Words: Saam Das
'Chatroom' (Release: 22 Dec '10)
Director: Hideo Nakata
Cast: Aaron Johnson, Imogen Poots, Daniel Kaluuya, Hannah Murray, Matthew Beard
Things started off brightly for Hideo Nakata's latest offering 'Chatroom', which premiered in the Un Certain Regard competition at the 2010 Cannes film festival, alongside the likes of 'Blue Valentine' and eventual winner 'Ha Ha Ha'. Since then, things have not been so great.
Having directed a string of acclaimed horror films (namely 'Ringu', 'Ringu 2', and 'Dark Water'), Nakata has been critically burned by the reception to 'Chatroom'. Which possibly explains the slightly odd release date covering the Christmas week. The criticism has been severe, and possibly a little on the harsh side. Not to say that much of the criticism is undeserved however. 'Chatroom' is like a Daily Mail fantasy come to life. But more on that later.
The film charts the online and offline lives of a group of teenagers resulting from their congregations in an internet chatroom, portraying itself as a sort of 'Lord Of The Flies' for the 21st century. William (Aaron Johnson) sets up this chatroom as a means to his malevolent ends, preying on his victims in a misguided attempt to banish his own demons. It all gets a bit messy and the film climaxes with a chase sequence better suited to 'The Bill' than a feature film.
It's not all bad though. Indeed, 'Chatroom' begins rather promisingly. 'Chatroom' delivers a fascinating visual representation of the online world, which contrasts the dreary reality to such an extent that I initially thought that there was something wrong with the projection. It genuinely looked like something filmed on a cameraphone. This technique actually works well within the context of the film, contrasting the vibrant saturation of the internet world.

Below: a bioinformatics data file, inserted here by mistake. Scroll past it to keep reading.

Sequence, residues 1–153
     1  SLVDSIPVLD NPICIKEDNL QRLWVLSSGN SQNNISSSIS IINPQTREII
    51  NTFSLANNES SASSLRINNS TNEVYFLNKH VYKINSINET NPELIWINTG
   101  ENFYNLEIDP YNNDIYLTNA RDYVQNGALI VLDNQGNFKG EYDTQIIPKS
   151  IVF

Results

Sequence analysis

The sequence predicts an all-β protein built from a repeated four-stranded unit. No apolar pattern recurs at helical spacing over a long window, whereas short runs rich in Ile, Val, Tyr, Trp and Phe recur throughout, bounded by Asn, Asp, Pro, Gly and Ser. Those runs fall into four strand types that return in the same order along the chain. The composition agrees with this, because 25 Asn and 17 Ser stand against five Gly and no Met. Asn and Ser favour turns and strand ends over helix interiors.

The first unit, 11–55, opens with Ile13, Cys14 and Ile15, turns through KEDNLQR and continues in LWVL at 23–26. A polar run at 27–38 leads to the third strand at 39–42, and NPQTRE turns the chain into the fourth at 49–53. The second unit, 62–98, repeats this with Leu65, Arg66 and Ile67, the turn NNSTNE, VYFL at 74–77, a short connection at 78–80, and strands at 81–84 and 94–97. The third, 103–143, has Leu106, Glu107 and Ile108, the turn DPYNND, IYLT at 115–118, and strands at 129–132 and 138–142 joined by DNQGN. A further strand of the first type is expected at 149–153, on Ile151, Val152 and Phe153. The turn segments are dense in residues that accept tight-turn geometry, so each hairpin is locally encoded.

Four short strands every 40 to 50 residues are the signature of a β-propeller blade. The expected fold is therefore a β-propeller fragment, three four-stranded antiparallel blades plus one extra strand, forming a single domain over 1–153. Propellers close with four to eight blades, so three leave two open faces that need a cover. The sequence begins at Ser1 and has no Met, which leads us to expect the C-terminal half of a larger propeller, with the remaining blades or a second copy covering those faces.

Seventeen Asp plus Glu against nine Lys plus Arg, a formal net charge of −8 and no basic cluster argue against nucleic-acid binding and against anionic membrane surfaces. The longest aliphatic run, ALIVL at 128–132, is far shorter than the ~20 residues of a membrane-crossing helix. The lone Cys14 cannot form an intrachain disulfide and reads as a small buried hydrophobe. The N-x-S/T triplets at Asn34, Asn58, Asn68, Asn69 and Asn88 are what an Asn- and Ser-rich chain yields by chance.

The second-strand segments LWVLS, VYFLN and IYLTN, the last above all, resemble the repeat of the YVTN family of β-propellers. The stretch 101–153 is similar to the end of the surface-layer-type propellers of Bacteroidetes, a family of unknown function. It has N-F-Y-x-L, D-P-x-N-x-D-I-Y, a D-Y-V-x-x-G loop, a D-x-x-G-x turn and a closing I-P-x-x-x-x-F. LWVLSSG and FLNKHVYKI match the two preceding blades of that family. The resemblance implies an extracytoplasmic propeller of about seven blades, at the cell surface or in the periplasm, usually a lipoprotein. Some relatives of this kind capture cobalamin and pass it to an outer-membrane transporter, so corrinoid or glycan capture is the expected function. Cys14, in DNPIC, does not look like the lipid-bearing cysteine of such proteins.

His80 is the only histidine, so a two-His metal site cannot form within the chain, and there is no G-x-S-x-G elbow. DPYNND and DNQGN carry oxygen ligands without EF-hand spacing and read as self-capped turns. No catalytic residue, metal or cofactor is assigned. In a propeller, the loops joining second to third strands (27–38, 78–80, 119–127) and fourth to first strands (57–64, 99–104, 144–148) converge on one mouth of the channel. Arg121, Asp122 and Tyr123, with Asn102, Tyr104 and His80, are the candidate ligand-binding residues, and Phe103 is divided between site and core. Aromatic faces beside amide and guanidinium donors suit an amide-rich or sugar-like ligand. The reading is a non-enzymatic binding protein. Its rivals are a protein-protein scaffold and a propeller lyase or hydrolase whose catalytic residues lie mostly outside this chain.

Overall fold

Plaudits must go to the set design team, who envisaged the virtual world as a hotel of sorts, with a seemingly infinite series of chatrooms emanating from each corridor. Whether intentionally or otherwise, they provided an evocative hint of the "prison" in 'Oldboy', appropriately capturing some of the helplessness that the teenagers feel under William's wrath.
Another interesting aspect of 'Chatroom' is the continuation of Nakata's exploration of how young people interact with technology, which began with his use of video in the original version of 'The Ring' in the mid-nineties. Unfortunately, I'd argue that the zeitgeist of chatrooms has probably passed by now, and 'Catfish' is more of a relevant (and successful) capturing of how online manipulation works. And calling 'Chatroom' a period piece seems a little unwarranted.
Worse still, screen writer Enda Walsh (who originally wrote this for the stage) has created a sensationalist work that suggests misinformed knowledge of the subject matter he handled. The internet is seen solely as a "big bad evil", a surefire way to some sort of psychological or physical damage in children. This is a weak message that feeds on the anxieties of similarly misinformed parents. The manner in which the group of teenagers is characterised is weak also, with stereotypes and stilted dialogue at the ready.
Besides the many weaker aspects, I actually ended up quite enjoying 'Chatroom'. The contrasting worlds provided a fascinating visual stimulus, matched by a couple of witty animated sequences. But what really helps is if you simply treat the film like a late night episode of 'Hollyoaks'. The film certainly treats you like a viewer of such a programme.
'Chatroom' is on limited release across the UK now.